Complete biography of a Great Teacher: Henry Louis Vivian Derozio


A great teacher is one who is born and is seldom made Henry Derozio left profoundest influence on the intellectual and moral character of his pupils. We have selected the name of one who was an Eurasian by birth, but who in his life was an All-India patriot, who died before he was twenty-three years old but within that short period exerted an influence on “Young Bengal” that has not been surpassed by any one.

Henry Louis Vivian Derozio was born in 1806 of Anglo Indian parents. He received his education at Mr. Drummond’s School at Dhurramtolah and showed brilliant promise. For a time he lived at Bhagalpur. Derozio was essentially a poet and a student of literature and philosophy. Already his poem The Fakir of Jangeera’ had attracted attention. He had a most assimilative and alert mind and he naturally wanted to be a teacher. In 1826, at the early age of eighteen he joined the Hindu College (later on, Presidency College, Calcutta).

Derozio soon became the idol of the student community. He was both with them and of them; his lectures and conversations proved a perpetual source of inspiration. Like David Hare, be was something of a freethinker and an atheist. He infused his pupils with his own rationalism. Under his influence, they came to attack the prejudices and superstitions of Hindu religion. He established an academic Society where regular debates were held. He founded a journal—’Parthenon’, in which he attacked the British Government.


The conservative section of the Hindu community sensed danger and accused Derozio of misleading the morals of the rising generation. The Managing Committee of Hindu College forced Derozio to resign.

Derozio was not the man to be daunted. Next month he started a newspaper.—The East Indian’. He also continued his work as an educationist, worked in close association with men like David Hare and Dr. Adam. Though driven from the school, his students like Ramgopal Ghosh, Dakshina Mukherjee, Radha Nath Sikdar flocked to his house. His influence with the young people continued unabated.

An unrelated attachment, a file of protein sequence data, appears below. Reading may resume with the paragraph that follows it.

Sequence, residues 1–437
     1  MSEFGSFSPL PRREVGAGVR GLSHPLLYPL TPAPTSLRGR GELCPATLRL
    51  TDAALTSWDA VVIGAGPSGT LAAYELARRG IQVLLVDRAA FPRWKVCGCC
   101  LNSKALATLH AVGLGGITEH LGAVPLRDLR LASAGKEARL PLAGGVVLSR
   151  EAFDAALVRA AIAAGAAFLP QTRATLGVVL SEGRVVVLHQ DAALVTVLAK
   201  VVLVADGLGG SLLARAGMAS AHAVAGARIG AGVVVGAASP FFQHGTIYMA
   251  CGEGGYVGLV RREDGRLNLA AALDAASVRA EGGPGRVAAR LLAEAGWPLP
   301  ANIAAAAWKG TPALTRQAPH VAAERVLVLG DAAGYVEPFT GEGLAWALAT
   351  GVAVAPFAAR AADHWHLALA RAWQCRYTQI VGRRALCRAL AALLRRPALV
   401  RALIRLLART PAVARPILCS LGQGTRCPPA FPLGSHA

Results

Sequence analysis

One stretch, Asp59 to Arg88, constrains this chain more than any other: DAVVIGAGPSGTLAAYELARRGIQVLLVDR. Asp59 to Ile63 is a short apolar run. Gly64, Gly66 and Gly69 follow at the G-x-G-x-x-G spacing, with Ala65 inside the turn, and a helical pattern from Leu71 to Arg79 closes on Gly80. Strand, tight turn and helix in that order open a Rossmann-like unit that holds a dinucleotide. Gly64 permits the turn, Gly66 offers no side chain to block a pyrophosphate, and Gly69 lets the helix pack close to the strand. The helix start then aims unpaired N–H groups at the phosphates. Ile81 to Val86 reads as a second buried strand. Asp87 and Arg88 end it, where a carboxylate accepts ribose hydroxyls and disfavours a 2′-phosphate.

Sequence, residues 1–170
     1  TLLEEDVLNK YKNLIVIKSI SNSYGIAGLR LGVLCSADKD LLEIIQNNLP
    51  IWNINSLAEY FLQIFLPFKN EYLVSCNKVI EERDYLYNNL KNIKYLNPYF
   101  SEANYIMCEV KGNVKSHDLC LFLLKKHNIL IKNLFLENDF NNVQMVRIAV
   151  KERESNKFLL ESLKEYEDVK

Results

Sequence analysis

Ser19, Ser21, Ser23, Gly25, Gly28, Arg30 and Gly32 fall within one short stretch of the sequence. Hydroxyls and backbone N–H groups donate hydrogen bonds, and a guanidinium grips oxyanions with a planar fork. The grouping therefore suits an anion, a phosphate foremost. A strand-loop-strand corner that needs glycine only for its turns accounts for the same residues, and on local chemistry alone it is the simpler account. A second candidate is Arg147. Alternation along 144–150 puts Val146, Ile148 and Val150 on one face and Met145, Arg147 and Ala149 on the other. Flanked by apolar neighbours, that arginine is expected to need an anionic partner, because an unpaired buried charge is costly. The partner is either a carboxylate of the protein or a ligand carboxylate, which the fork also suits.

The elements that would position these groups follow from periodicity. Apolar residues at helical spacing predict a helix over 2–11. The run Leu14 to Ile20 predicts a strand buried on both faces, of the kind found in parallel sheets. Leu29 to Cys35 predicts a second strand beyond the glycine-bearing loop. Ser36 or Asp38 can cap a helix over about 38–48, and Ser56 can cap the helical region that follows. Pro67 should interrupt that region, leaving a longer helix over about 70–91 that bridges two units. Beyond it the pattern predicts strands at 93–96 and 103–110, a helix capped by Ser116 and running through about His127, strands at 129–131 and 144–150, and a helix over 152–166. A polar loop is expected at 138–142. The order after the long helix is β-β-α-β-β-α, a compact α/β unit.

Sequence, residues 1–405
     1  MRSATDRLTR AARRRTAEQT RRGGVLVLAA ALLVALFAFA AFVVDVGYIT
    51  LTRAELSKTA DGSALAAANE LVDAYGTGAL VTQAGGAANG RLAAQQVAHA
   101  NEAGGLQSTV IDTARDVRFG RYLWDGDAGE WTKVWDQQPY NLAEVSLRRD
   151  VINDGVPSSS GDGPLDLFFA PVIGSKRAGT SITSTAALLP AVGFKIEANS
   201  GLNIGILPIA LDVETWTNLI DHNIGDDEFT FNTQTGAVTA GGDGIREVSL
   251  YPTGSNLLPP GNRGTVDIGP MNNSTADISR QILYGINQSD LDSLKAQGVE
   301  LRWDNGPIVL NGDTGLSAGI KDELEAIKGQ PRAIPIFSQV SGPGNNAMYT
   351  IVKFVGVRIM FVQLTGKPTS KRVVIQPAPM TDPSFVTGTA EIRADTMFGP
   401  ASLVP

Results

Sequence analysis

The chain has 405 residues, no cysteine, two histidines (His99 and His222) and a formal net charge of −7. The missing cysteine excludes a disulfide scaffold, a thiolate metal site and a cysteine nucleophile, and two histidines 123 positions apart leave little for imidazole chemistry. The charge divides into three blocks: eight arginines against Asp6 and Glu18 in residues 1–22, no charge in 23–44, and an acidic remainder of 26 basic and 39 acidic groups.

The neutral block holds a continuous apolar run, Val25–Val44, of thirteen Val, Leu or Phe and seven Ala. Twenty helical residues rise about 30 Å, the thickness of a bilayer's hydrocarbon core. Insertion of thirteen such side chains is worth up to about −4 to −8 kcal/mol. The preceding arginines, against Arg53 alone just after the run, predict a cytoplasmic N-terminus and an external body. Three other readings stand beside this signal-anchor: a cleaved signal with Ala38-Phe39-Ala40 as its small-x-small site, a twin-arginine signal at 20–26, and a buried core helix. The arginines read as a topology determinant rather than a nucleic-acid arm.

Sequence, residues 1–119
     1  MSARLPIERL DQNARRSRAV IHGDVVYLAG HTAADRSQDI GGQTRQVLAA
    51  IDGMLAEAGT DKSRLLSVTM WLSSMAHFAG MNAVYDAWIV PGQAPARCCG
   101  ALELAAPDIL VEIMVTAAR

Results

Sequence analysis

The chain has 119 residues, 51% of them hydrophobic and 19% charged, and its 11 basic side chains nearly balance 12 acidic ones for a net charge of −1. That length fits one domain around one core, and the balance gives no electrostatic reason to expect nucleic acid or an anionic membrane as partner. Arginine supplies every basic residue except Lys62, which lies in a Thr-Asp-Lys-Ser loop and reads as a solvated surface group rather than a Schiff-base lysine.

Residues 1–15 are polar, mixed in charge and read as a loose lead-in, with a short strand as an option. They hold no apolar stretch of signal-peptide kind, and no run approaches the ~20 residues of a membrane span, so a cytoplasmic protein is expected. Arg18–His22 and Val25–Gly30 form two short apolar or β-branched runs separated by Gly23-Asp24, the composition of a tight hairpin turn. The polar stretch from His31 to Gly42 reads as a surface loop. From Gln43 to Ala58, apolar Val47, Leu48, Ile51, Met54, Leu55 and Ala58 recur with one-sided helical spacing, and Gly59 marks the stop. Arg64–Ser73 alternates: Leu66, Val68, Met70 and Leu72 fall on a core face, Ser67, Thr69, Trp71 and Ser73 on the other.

But he was already at the end of his brilliant career. On the 24th of December, 1802 he had an attack of cholera; the mortal disease struck him down. On the 26th he breathed his last. Seldom was a teacher so young was mourned so passionately by his students. His principle of analysing every problem in the dry light of reasoning remains.

As a teacher, Derozio not only instructed his pupils; he inspired them. He left the permanent stamp of his personality on their moral character. He was the creator of the leaders of Young Bengal—men like Dakshina Mukherji, one of the benefactors of Bethune School, Ram Gopal Ghose—orator politician, Radhanath Sikdar of Everest fame ; Ramtanu Lahiri, a born teacher, Pearychand Mitter, one of the creators of Bengali prose literature, Rev. K. M. Banerjee and many others. Even Micheal Madhusudan came under his spell. All of them acknowledged how much they owed to him. And the great teacher returned their affection in verses that deserve to be remembered—


Explanding like petals of young flowers,

I watch the gentle opening of young minds

Let new perceptions shed their influence;

And how you worship Truth’s omnipotence.

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